Of course, I wish I had done better. But I think everything happens for a reason, so I’m using it for motivation. Because obviously this summer is the most important.

Is it fair to say you’re now eating, sleeping, and breathing your training in preparation for the Olympics in Rio, which are coming up in August, just two months from now?

Yes, absolutely. Monday, Wednesday, and Friday I go to the gym in the morning and at night. So I’ll do 8:30 a.m. to 11 or 11:30 a.m. Then I’ll come home and, usually, take a nap and a bath.

And I use the NormaTec Pulse Recovery System. It’s a machine that compresses my legs, my lower back, and hips, and it’s great for recovery. And then my workout is from 5 to 9 p.m. By the end of the day I’m really exhausted. My eyes are half closed by my last event.

So, how do you feel about the chance of bringing home more Olympic gold?

I feel really good. I’m just trying to look at it as, at the end of the day, no matter what, I had a great experience in 2012. I exceeded my expectations. I hope it goes well in 2016, but, if it doesn’t, I’m still always going to be an Olympic champion. So that’s something I have to remember to always be proud of.

It’s amazing just to do it once. I was very proud that I was able to do it, and I worked really hard. Hopefully, I can do it again. But I have to tell myself that, if it doesn’t happen, I can’t let it be the end of the world.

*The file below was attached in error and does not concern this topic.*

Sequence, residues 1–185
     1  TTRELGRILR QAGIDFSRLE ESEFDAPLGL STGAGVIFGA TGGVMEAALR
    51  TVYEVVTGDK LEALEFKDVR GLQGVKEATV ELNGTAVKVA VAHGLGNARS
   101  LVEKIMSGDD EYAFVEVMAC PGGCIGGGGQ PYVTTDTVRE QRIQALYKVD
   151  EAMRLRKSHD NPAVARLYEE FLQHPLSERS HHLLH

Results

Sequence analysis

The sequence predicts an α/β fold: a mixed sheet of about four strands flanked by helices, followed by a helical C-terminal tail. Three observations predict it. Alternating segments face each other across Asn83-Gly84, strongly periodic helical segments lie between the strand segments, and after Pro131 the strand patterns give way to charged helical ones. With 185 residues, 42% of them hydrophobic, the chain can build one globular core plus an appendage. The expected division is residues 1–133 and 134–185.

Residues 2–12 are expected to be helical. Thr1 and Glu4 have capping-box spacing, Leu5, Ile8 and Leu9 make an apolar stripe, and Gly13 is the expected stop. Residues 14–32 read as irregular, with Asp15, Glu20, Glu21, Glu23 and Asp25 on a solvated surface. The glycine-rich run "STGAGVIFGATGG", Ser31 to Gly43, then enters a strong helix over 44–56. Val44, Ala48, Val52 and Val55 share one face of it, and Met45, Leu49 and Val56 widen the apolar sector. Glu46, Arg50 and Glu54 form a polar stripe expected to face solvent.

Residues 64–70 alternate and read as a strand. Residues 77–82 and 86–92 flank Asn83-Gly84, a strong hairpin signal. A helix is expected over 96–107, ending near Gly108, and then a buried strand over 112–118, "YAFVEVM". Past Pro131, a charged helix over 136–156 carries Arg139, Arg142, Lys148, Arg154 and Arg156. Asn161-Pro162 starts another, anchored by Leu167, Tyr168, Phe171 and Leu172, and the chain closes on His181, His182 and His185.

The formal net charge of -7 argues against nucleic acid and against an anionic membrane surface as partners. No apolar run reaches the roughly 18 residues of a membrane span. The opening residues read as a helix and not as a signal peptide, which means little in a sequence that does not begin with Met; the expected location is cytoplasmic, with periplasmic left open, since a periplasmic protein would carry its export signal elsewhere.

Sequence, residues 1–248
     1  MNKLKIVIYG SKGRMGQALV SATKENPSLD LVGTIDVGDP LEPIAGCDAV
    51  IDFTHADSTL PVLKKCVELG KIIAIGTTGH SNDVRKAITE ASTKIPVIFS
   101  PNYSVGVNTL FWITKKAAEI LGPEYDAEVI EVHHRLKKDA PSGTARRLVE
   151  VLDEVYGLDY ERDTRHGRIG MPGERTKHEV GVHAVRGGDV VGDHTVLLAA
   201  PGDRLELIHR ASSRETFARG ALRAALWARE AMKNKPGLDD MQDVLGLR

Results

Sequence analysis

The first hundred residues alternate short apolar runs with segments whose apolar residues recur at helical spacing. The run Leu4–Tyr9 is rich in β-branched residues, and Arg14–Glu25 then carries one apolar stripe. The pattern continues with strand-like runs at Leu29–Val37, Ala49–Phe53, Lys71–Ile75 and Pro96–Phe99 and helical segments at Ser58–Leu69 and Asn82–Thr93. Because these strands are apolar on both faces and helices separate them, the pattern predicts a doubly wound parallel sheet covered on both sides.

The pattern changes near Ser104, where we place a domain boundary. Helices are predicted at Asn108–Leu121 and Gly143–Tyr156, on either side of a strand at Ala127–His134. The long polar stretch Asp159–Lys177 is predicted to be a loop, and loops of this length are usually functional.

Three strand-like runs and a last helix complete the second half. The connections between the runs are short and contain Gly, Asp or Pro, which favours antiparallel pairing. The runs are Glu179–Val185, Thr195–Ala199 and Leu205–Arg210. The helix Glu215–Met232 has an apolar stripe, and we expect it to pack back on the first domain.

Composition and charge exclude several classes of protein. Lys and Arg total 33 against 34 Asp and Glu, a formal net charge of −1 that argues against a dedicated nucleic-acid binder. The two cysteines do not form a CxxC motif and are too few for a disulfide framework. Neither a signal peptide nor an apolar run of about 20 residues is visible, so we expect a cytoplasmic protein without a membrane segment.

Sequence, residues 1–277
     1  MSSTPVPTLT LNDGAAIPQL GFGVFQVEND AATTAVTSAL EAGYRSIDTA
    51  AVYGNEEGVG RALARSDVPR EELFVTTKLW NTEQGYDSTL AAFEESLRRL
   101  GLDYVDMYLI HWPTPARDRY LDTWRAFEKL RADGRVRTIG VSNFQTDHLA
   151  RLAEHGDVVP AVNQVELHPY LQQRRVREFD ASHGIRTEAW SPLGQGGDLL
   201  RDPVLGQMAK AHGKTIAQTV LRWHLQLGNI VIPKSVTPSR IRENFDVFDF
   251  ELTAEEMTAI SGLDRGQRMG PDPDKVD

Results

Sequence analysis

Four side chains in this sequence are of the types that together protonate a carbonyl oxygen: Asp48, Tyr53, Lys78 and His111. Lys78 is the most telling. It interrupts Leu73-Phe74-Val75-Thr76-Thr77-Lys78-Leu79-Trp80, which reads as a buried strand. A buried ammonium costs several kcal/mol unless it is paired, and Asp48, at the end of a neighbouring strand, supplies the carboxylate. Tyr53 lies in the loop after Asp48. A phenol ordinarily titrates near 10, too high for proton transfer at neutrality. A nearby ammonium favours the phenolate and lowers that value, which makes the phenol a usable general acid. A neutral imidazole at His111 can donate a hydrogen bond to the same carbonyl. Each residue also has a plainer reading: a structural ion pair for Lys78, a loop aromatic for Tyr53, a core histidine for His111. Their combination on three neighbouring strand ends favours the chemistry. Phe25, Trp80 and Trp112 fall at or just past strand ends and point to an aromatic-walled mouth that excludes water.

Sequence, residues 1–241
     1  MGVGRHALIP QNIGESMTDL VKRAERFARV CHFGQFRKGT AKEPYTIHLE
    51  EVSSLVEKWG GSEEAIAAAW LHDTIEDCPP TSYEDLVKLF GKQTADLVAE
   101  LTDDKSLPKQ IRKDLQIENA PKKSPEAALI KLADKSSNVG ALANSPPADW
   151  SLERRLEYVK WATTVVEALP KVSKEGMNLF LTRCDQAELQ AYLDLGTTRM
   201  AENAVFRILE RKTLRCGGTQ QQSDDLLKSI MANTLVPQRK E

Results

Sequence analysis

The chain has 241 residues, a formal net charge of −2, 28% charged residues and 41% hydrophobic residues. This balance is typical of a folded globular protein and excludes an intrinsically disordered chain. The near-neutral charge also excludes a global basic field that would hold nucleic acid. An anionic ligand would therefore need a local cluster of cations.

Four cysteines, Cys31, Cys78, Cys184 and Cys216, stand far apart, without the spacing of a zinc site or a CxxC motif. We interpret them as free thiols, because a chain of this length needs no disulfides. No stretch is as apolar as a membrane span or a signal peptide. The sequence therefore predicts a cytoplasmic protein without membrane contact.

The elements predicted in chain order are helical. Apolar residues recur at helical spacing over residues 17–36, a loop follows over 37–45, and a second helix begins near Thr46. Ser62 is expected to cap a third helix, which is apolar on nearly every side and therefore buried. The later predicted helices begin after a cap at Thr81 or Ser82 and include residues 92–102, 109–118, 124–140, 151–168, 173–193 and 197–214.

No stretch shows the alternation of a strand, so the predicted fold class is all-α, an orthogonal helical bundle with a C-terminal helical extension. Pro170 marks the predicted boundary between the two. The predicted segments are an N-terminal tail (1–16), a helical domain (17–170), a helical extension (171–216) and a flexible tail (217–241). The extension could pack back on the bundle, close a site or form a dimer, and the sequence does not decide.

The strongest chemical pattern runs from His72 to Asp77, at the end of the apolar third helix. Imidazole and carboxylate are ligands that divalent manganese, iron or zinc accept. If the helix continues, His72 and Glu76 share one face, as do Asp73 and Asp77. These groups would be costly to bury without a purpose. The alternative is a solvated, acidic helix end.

This Week in the Fitness Industry: 24 Hour Fitness Supports Five TEAM USA Athletes 

24 Hour Fitness Partners with Five Team USA Athletes
24 Hour Fitness has announced its partnership with “Team 24 Hour Fitness,” five athletes expected to represent Team USA at the Rio de Janeiro 2016 Olympic Games. “Our distinguished athletes come from diverse backgrounds. They are each compelling, inspiring and relatable,” Mark Smith, CEO of 24 Hour Fitness, said in a release. “The athletes that make up Team 24 have embarked on the fitness journey of a lifetime and we look forward to sharing their stories with our members in the weeks ahead. It’s moments like this that reaffirm our commitment to helping people – everyday athletes and U.S. Olympic and Paralympic hopefuls alike – reach their fitness goals.” The five athletes include a swimmer, triathlete, a middle distance runner, a Paralympic long jumper, and a Paralympic swimmer.

More Doctors Prescribing Exercise Over Medication
A growing number of physicians are prescribing exercise—not medication—to treat their patients’ chronic health problems, according to a report in The Boston Globe. “In one such program run by a health center in Boston’s Roxbury neighborhood, primary care physicians, internists and psychologists prescribe access to a gym for $10 a month, including free child care, classes, and kids programs,” The Globe reports. “Providing affordable gym access for patients ensures compliance, said Gibbs Saunders of Healthworks Community Fitness, a nonprofit gym in Dorchester that has partnered with several health care providers to help low-income residents fill their exercise prescriptions.” The health center’s executives said low-cost access to a gym is important, since many of their patients’ income is low and 70% of those they treat suffer from chronic conditions such as obesity, high blood pressure, diabetes, and depression.

Study: Fitness Report Cards Have Negative Effect on Children